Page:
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At the onset of the artist’s career, he enjoyed to instil individuality upon the figures within his painting. As evident within the pastel piece above, Degas carefully showcases each character by detailing what they look like. While one figure might be the focal point of the artwork where the viewer’s initial attention falls to, ultimately all of the figures are given their own attention as Degas detailed their characteristics.
This element is present within the artwork as Degas carefully gives each ballerina the same detailing as the other. While the artwork is composed in an Impressionism style, Degas still works towards bringing attention onto each figure. This allows for the viewer’s attention to not necessarily fall initially onto the figure in front, but rather the cluster of heads near the top left of the painting. The ballerinas are working as one to create a performance the crowd is more than eager to see. Yet, while analyzing the painting, the attention falls back upon the ballerina in the front fixing her sleeve. While it’s hard to tell whether the women are on stage or not, it is most likely off stage as a number of them are adjusting the straps on their dresses. This gives the viewer a backstage perspective as to what is going on behind the scenes as the ballerina’s prepare to perform.
While Edgar Degas uses pastel to create this piece, the exquisite detailing and texture gives the perception that it’s in fact oil on canvas. Rather than dragging the pastels across the canvas as the artist had in his art work The Actresses Dressing Room, Degas instead decides to use a dotted technique to illustrate the texture of the work. The detailing is so precise that it gives the illusion that the viewer is able to see the texture of the women’s skin. Degas places a light source near the top right of the painting to guide him as where to shade and contour. This is strategically placed source of light as it illuminates the ballerina’s faces as they look that way. The main ballerina’s hair is accentuated as the red hues light up. Whereas, the other ballerina’s hair colour remains in a dark brown.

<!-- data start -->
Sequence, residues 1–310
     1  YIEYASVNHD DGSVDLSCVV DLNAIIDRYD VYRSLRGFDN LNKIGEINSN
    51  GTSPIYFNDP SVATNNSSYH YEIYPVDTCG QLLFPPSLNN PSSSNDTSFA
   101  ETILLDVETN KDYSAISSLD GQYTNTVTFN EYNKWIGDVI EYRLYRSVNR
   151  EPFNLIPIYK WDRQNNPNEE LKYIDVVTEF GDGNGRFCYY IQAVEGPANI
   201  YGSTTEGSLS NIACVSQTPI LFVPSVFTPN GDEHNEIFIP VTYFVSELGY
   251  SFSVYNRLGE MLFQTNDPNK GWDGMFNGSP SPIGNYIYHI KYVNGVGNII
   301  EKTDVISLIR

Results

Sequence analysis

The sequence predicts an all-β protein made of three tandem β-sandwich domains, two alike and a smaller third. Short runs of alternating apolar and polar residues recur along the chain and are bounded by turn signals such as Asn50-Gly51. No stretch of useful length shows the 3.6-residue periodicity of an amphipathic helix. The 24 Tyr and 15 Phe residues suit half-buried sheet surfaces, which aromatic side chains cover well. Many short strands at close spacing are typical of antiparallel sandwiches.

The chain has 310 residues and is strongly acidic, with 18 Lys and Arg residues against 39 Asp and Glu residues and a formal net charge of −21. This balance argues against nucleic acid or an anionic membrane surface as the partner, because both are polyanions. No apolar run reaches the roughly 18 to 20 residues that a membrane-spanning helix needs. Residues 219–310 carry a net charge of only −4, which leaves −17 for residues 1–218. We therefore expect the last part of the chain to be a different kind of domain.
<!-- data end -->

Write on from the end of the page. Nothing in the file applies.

Degas has used this technique to subconsciously bring the viewer’s attention onto the woman in the front, as her hair colour is different from the rest of the ballerinas. Similarly, her green costume is most shown in a ruffled chiffon material. The artist continues to illustrate her costume using soft dots throughout the piece. The other women behind also have green detailing in their dresses near the top. The straps fall off the shoulder revealing parts of the women’s bust and collars. Alongside, all of the women within the painting have a matching hair accessory in green and orange near the top off their heads. All of these characteristics bring attention to the women in a similar manner as the artist carefully depicts them.
The background of the artwork is covered in impressionistic tones swirling with one another in a mosaic pattern. Everything from red to green, purple, to orange mix with one another as the background of the artwork. Degas continues to use these bright colours everywhere from the ballerinas to the simple background demanding the same attention. These bold colours are an immensely different turn from the artist’s contemporaries Pierre-Auguste Renoir and Claude Monet. While these artists also painted in an Impressionism style, they preferred to use pastel colours that were rather muted. Degas on the other hand immensely enjoyed using rich shades if they brought the life he needed within his artwork.